Characters Hurling Insults For Fun and Profit

How many times has a discussion escalated into an argument, or an argument into violence, with the hurling of insults? It seems we human beings never outgrow the impulse to call people who disagree with us nasty names. There have been enough compilations of creative, gleeful, or historical insults to fill entire libraries. We so much enjoy our own cleverness that we blithely ignore whether calling someone names actually encourages them to change their behavior or whether it firmly cements their own negative opinion of us and their determination to not do whatever it is we want. The words we use and the comparisons we make say as much about us as about those we are insulting. The same is true for characters in fiction.

Let’s accept as given that the purpose of insults is not reconciliation. If that were true, we’d have long since achieved peace in the Middle East, not to mention a few dozen other places around the globe. What are the other possibilities?

 

  • Venting ill temper, including displaced aggression – that’s the man who kicks his dog instead of his boss, the real target of his anger.
  • Showing off for a third party.
  • Parroting what has been said by those the character respects.
  • Being out of control. If violence is the last refuge of the incompetent, then surely hurling insults is an expression of frustration in a person who simply can’t come up with a constructive response.
  • Trying to provoke a reaction, whether it’s loss of control in the other character or an escalation of violence.
  • Justifying previous ill-treatment of the person being insulted.

 

Some of these motives are deliberate, calculated to evoke a specific response, but others are just the opposite. Assuming a character knows what he’s doing and does it on purpose, how invested is he in the result? He might get what he wants, but he might not. One of those two overgrown schoolboys taunting one another might turn the other cheek. Or might laugh in his face. What does your character do then?

The parallel to this is how a character reacts when she realizes she’s crossed a line, that she’s out of control, and that to large extent depends upon how self-aware she is. Some people are so embarrassed, they escalate hostilities, trying to get the other person’s response to justify their own lapse in judgment. Others will back off if given the opportunity, for instance if a third party steps in and lowers the tension. A character could realize what he’s done, lack the skills to remedy the situation, participate in whatever bad things happen next, and carry away a secret feeling of guilt for the outcome.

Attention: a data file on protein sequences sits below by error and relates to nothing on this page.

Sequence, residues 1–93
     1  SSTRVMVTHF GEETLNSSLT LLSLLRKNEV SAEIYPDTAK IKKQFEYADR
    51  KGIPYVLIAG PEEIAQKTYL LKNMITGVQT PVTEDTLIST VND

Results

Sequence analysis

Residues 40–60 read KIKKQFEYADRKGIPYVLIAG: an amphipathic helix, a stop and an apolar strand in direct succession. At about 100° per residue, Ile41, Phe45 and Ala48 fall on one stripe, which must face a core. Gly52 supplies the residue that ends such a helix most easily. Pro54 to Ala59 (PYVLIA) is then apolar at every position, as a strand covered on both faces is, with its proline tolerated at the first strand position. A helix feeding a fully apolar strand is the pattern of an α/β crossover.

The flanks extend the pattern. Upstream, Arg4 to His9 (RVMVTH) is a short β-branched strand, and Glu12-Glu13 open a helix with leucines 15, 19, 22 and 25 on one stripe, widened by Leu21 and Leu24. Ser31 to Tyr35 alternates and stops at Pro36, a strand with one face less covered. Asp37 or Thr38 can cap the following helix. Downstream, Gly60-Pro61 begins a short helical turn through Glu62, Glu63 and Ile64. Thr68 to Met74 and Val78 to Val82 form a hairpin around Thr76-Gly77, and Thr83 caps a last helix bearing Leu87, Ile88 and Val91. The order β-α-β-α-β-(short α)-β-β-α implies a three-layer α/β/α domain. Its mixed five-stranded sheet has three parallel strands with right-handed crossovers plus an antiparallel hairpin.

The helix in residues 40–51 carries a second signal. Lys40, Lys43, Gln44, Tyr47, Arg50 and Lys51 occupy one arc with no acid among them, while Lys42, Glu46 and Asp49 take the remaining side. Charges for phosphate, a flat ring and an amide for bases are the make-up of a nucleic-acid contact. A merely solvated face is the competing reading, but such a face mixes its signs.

Then there’s the particularly (and often deliciously) odious character who is in perfect control of himself and hurls insults deliberately. The cruelty has a purpose, and if the character is challenged on his own behavior, he justifies it as being in the best interests of the person being insulted. “For your own good,” “to toughen you up,” that sort of thing.

Sometimes insults are a form of betrayal. Is this deliberate or unconscious? Heated words inflicted on a friend or loved one in the moment, without reflection on the hurt they cause? Even if the hurt is verbally forgiven, do the effects of a moment of ill-considered pique change the relationship? And how might the resulting resentment and guilt play out over time?

Now to flip the mirror and look at the character being insulted, who really is the person with the power in this situation. She has the greatest degree of freedom in her actions, whether to respond in kind or in some other way; whether to walk away, whether to draw out the suspense of the encounter; whether to end the exchange for good or let it fester – or encourage that festering. What is his history in the relationship and will he use the insult to settle an old score or will he refuse to take it personally – and why?

Therein lies a tale or twenty…